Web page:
Studio scene comparison (JPEG)
For comparisons (and the resolution chart) we always use sharp prime lenses stopped down (typically to between F8-F9 and F6.3 to maximize lens performance and depth-of-field). In the case of this comparison we used 50 mm lenses; Pentax 50 mm F1.4, Minolta 50 mm F1.4, Olympus 50 mm F2 Macro and Canon EF 50 mm F1.4.
Before these K20D scenes were shot, we first tested the camera with the Pentax FA 50 mm F1.4 and D-FA 50 mm F2.8 Macro at 0.3EV intervals from F5.0 to F11. There was no perceived difference between the shots at F5.6 and F8 with either lens so, for consistency with previous reviews and across systems, the FA 50mm F1.4 was used at F8.
Pentax K20D vs. Pentax K10D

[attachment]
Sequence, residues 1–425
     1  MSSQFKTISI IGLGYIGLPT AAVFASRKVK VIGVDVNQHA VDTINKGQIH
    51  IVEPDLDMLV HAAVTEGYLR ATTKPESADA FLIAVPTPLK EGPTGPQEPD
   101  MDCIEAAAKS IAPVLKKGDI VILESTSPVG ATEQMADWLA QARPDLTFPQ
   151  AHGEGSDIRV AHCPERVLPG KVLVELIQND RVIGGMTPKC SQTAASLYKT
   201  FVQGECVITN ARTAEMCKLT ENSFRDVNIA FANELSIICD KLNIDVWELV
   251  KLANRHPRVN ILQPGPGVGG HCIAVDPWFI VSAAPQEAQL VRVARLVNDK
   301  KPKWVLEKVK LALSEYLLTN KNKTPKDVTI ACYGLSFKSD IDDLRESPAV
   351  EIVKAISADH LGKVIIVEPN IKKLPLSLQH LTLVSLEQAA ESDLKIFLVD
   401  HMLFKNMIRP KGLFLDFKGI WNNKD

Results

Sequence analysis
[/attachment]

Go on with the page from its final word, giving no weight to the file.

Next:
Here we compare the K20D with its predecessor, the K10D. How much of an advantage does the new 14.6MP Samsung/Pentax sensor actually deliver and to what extent has Pentax addressed the slightly soft JPEG processing of the older model?
- Pentax K20D: Pentax 50 mm F1.4 lens, Aperture Priority, ISO 100
JPEG Large/Fine, Manual WB, Default Parameters (Bright CI), Self-Timer (auto MLU)
- Pentax K10D: Pentax 50 mm F1.4 lens, Aperture Priority, ISO 100
JPEG Large/Fine, Manual WB, Default Parameters (Natural IS), Self-Timer (auto MLU)
9.4 MB (4672 x 3104)
2.6 MB (3872 x 2592)
Soft JPEG output was one of the biggest criticisms made of the K10D in our review, and it's something the company appears to have addressed. The K20D defaults (when English is selected as the screen language, at least) to the 'Bright' custom image settings that include sharpness set to +1. The difference, compared to the K10D is stark. Not only does the K20D appear to be capturing much more detail (as you'd hope for a camera with more pixels), but its representing that additional detail much more clearly, thanks to its sharper image output.